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National Labor Relations Board v. Kaplan

UNITED STATES COURT OF APPEALS FOR THE SECOND CIRCUIT


November 1, 1943

NATIONAL LABOR RELATIONS BOARD
v.
KAPLAN ET AL.

Before L. HAND, CHASE, and CLARK, Circuit Judges.

Per Curiam.

This case comes up on the usual motion for an order of this court to enforce the Board's order directing the respondents to desist from discouraging membership in an affiliated union, and from "in any other way interfering with * * * employees in the exercise of the right to self-organization * * * and to engage in concerted activities for the purpose of collective bargaining or other mutual aid or protection as guaranteed by Section 7 of the Act." The order also reinstated one discharged employee with back pay.

The respondents had resisted an earlier attempt at union organization in their factory, and when the attempt was renewed by another union nearly a year later, there was testimony which, if believed, justified the conclusion that they opposed the second effort as well. As to the discharge, the usual conflict arose whether it was due to the employee's union activities or to her insubordination; it was possible to find either way. The first objection, being to the sufficiency of the evidence to sustain the Board's findings, is without merit; there was "substantial" evidence, which it will serve no purpose to set out in detail.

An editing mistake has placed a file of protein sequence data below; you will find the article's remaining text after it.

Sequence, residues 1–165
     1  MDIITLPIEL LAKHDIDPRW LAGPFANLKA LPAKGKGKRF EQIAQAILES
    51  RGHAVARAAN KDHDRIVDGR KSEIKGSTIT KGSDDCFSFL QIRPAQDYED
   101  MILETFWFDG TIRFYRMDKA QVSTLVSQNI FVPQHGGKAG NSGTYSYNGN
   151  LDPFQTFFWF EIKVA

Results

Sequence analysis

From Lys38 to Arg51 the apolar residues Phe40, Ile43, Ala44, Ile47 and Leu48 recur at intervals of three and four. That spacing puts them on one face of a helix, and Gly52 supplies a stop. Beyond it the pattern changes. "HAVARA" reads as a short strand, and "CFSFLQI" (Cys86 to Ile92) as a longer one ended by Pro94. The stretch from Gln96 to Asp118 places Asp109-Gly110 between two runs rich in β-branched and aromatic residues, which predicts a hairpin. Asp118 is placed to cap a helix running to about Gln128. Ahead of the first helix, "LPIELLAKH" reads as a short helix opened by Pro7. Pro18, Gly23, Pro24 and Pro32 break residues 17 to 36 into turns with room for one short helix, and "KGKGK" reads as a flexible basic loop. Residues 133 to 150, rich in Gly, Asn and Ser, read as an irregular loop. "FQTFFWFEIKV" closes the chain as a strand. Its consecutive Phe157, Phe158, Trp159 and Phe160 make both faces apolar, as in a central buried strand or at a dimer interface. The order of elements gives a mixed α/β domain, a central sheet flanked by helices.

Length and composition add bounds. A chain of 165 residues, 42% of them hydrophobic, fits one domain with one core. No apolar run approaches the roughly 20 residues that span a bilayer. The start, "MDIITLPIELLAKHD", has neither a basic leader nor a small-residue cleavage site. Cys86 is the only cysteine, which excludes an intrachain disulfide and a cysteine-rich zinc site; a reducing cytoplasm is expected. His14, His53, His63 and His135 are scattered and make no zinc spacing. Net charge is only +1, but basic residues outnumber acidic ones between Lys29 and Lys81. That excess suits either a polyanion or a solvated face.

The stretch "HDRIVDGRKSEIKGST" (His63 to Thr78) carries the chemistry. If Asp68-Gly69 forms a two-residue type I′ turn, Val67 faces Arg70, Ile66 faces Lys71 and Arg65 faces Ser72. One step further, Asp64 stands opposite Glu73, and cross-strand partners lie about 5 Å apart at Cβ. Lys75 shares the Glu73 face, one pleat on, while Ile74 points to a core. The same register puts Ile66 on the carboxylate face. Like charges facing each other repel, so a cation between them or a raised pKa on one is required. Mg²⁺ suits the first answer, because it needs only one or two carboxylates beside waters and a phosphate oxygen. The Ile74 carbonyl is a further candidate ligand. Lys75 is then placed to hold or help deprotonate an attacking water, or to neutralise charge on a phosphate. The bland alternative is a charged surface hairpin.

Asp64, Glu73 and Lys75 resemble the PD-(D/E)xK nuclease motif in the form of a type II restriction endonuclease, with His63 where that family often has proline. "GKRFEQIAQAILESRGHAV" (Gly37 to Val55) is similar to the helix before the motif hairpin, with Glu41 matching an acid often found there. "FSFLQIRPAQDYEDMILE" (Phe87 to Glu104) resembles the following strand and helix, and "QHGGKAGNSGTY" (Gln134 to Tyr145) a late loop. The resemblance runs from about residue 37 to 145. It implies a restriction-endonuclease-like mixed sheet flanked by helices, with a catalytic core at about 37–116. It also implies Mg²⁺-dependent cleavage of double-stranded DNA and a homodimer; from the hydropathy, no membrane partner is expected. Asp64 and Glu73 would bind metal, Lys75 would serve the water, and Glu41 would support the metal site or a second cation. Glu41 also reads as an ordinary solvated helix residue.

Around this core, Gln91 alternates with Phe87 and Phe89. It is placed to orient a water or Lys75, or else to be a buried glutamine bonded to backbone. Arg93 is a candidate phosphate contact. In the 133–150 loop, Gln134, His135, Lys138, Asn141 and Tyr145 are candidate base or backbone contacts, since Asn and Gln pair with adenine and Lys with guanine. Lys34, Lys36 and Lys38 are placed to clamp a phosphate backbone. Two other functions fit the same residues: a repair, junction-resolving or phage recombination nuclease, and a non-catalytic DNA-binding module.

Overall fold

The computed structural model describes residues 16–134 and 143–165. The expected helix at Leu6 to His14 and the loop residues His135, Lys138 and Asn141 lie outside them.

The discharged employee at the time of the hearing had obtained employment which she preferred to reinstatement with the respondents. However, she had been employed upon a probationary period of two months which had not then quite expired. The order directed the respondents to reinstate her with back pay if she applied within five days after the order issued, and if she did not, to pay her any loss of wages from her discharge until she got the new job. The respondents are not content with this, because her new job was at a higher wage than she had earned with them. As we understand it, they wich to be credited with the excess from the time of her new employment until the date of the order, or at least until she declared for reinstatement. If the employee had demanded reinstatement she would have had to credit all that she had earned, because the order would then have restored her to the same position she would have been in, had she been continuously employed. But when she was not reinstated, the wrong so far as it can be measured in dollars ceased as soon as she began to earn as much elsewhere. The respondents were no more entitled to any part of her wages during the probationary period than thereafter.

The respondents also object to the order because of its breadth, invoking National Labor Relations Board v. Express Publishing Co., 312 U.S. 426, 61 S. Ct. 693, 85 L. Ed. 930. We have discussed this question in National Labor Relations Board v. Standard Oil Co., 2 Cir., 138 F.2d 885, handed down herewith, to which we refer.

An enforcement order may pass.

19431101

© 1998 VersusLaw Inc.



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